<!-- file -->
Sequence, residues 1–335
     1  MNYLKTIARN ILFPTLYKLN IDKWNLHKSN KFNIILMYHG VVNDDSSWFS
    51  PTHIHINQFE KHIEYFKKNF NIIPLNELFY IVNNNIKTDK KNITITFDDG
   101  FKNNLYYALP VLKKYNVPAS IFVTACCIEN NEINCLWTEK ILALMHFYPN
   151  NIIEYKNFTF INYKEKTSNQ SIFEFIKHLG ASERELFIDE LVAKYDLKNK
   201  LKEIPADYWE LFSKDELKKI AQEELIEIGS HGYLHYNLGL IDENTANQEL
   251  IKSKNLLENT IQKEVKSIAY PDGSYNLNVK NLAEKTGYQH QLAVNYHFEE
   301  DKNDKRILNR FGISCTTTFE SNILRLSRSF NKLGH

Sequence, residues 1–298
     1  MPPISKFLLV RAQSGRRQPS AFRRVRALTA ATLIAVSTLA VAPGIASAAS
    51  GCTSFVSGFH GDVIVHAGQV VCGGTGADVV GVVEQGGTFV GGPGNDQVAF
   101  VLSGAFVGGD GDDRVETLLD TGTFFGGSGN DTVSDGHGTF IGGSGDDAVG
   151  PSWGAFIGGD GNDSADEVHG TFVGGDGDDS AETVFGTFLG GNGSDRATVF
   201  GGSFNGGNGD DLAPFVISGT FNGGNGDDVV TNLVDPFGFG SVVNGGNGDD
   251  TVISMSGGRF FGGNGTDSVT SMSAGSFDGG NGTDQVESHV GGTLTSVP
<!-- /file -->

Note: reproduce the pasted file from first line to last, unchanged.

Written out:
Sequence, residues 1–335
     1  MNYLKTIARN ILFPTLYKLN IDKWNLHKSN KFNIILMYHG VVNDDSSWFS
    51  PTHIHINQFE KHIEYFKKNF NIIPLNELFY IVNNNIKTDK KNITITFDDG
   101  FKNNLYYALP VLKKYNVPAS IFVTACCIEN NEINCLWTEK ILALMHFYPN
   151  NIIEYKNFTF INYKEKTSNQ SIFEFIKHLG ASERELFIDE LVAKYDLKNK
   201  LKEIPADYWE LFSKDELKKI AQEELIEIGS HGYLHYNLGL IDENTANQEL
   251  IKSKNLLENT IQKEVKSIAY PDGSYNLNVK NLAEKTGYQH QLAVNYHFEE
   301  DKNDKRILNR FGISCTTTFE SNILRLSRSF NKLGH

Sequence, residues 1–298
     1  MPPISKFLLV RAQSGRRQPS AFRRVRALTA ATLIAVSTLA VAPGIASAAS
    51  GCTSFVSGFH GDVIVHAGQV VCGGTGADVV GVVEQGGTFV GGPGNDQVAF
   101  VLSGAFVGGD GDDRVETLLD TGTFFGGSGN DTVSDGHGTF IGGSGDDAVG
   151  PSWGAFIGGD GNDSADEVHG TFVGGDGDDS AETVFGTFLG GNGSDRATVF
   201  GGSFNGGNGD DLAPFVISGT FNGGNGDDVV TNLVDPFGFG SVVNGGNGDD
   251  TVISMSGGRF FGGNGTDSVT SMSAGSFDGG NGTDQVESHV GGTLTSVP